The High Line—In 2004, Diller Scofidio + Renfro were commissioned to convert an abandoned elevated rail line into a park on Manhattan’s west side. The architectural firm set out to create multiple ecosystems. They used lines of precast concrete transformed into walkways, which at points are subsumed by gardens of local flora. The architects describe their design as one that “addresses a multitude of civic issues: reclamation of unclaimed public space, adaptive reuse of outmoded infrastructure, and preservation as a strategy for sustainability.”
Max Fleischer | Art 1900
A controversial figure from the start, the coquettish Betty Boop first came on the scene in 1930 as part of Max Fleischer’s Talkartoon cartoons. Her curvy figure and coy tagline (“boop-oop-a-doo!”) brought Fleisher and his studio under fire under the new Hays Code, which was designed to police movie morals. Betty Boop became less flirtatious, lost her hoop earrings, and donned less-revealing dresses. But none of it diminished her popularity, or the popularity of her fellow Fleischer Studio characters.
FROM COOPER SQUARE TO CENTRAL PARK
Augustus Saint-Gaudens | Art 1866
The name Augustus Saint-Gaudens is forever tied to the grandeur of late 19th century New York, where wealthy and powerful patrons frequently turned to the sculptor for the city’s most important commissions. He gained renown for his sculptures of Civil War heroes such as Admiral David Farragut and William Tecumseh Sherman. Saint-Gaudens’s sculpture of Peter Cooper in nearby Cooper Square is framed by a niche and pedestal by Stanford White, the great beaux arts architect.
Patty Jenkins | Art 1993
Patty Jenkins came to Cooper to study painting and photography, but it was an experimental film class that brought her to filmmaking. After eight years as an Assistant Camera Person/Focus Puller on commercials and music videos, she wrote and directed her first feature film “Monster” (2003), starring Charlize Theron, but today is better known for her “Wonder Woman,” the 2017 blockbuster starring Gal Gadot. Jenkins will be the first woman to direct a “Star Wars” feature film; “Rogue Squadron” is expected in theaters in 2023.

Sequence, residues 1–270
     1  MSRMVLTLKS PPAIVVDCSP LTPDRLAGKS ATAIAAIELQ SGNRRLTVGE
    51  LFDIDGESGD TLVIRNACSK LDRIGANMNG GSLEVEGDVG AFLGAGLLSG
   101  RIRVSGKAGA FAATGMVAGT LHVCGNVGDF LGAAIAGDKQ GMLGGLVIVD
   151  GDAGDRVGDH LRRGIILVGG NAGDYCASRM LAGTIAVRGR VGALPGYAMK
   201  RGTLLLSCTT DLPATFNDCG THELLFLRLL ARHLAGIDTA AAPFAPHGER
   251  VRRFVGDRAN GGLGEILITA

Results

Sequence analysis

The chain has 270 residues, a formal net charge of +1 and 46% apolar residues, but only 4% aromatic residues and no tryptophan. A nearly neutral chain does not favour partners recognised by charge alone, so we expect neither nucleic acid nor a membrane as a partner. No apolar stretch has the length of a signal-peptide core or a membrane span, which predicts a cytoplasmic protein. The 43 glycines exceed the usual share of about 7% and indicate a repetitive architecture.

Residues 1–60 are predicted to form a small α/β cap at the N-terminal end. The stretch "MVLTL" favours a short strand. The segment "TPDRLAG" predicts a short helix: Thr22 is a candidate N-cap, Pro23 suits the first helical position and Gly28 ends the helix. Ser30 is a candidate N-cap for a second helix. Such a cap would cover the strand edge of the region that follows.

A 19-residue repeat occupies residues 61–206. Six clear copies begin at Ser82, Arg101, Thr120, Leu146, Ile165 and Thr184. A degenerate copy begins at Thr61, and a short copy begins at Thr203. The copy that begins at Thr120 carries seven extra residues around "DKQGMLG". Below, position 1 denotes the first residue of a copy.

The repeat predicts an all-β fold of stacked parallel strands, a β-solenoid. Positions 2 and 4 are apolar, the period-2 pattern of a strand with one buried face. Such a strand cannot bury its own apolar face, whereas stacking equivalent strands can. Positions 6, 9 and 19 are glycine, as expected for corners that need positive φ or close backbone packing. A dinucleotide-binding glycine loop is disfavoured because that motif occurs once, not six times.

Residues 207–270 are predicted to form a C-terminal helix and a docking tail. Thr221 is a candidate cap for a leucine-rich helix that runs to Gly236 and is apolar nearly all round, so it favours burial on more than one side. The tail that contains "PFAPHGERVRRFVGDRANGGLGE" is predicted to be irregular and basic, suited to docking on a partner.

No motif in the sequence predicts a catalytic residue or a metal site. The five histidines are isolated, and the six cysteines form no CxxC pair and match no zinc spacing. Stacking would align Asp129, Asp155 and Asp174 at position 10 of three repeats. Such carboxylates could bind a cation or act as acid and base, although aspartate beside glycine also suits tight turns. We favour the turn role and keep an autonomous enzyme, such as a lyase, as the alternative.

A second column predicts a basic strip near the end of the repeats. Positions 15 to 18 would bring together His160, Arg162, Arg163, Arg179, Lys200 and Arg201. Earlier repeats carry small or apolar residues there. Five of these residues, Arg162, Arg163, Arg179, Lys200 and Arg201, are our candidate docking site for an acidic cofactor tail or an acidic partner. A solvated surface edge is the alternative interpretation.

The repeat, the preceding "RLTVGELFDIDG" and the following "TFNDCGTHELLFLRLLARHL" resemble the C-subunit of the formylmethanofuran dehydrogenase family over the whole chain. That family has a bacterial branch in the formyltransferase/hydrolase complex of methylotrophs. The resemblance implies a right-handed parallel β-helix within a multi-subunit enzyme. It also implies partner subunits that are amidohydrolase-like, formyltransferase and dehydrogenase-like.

Bob Kane | Art 1933
Bronx-native Bob Kane trained as an illustrator in the studio of another Cooper alumnus, Max Fleischer, before creating Gotham City’s own dark knight, Batman. The character was, in part, a result of Kane’s art training: he cited Leonardo da Vinci’s drawings of flying machines with bat wings as one of his inspirations. Kane, who was also a painter, continued to work on various Caped Crusader projects throughout his career, including newspaper comic strips and the wildly successful movie franchise.
THE DELIVERY OF YOUR TAP WATER
George A. Fox | Civil Engineering 1940
As an alderman of New York City in the 1840s, Peter Cooper helped bring fresh water to the city via the construction of the Croton Aqueduct, a massive feat of civil engineering. More than a century later, with New York in need of a new water tunnel, the city turned to George Fox, a nationally recognized expert who oversaw several large-scale infrastructure projects. NYC’s Water Tunnel No. 3, by far the most ambitious of these projects, broke ground under Fox’s leadership in 1970 and is currently projected to be completed in 2025.
FROM THE THEATER TO THE STAGE
Irwin S. Chanin | Civil Engineering 1915
Irwin S. Chanin helped define 20th-century New York City architecture with his Art Deco namesake, the 56-story Chanin Building on 42nd Street, and two iconic apartment towers on Central Park West. But Chanin also designed many Broadway theaters including the Biltmore (now the Samuel J. Friedman), the 46th Street, the Mansfield (now the Brooks Atkinson), Theatre Masque (now the Golden), the Royale (now the Bernard B. Jacobs), the Majestic, and the Roxy. In 1981, Cooper’s architecture school was named in his honor.
Martin Charnin | Art 1955
Winner of a Tony, Grammy, and three Emmy awards, Martin Charnin is best known for writing the lyrics to the Broadway hit, “Annie,” which ran for 2,327 performances. Charnin, who directed the original production, also wrote lyrics and directed six other Broadway shows. Originally an actor, Charnin played a member of the Jets in the 1957 stage production of “West Side Story” for more than 1,000 performances. His Grammy came for Jay-Z’s “It’s a Hard Knock Life (Ghetto Anthem),” which sampled lyrics from “Annie.”
Dick Schwartz | Mechanical Engineering 1957
In the 1970s the U.S. Air Force contracted Rockwell International to design and build a network of satellites called Navstar (Navigation System with Timing and Ranging). That gargantuan effort, undertaken by a team led by Dick Schwartz, evolved into what we all know today as the Global Positioning System (GPS), a utility intrinsic to modern life. In 2019, Schwartz and his team were awarded the Queen Elizabeth Prize for Engineering, which some call the Nobel Prize for Engineering.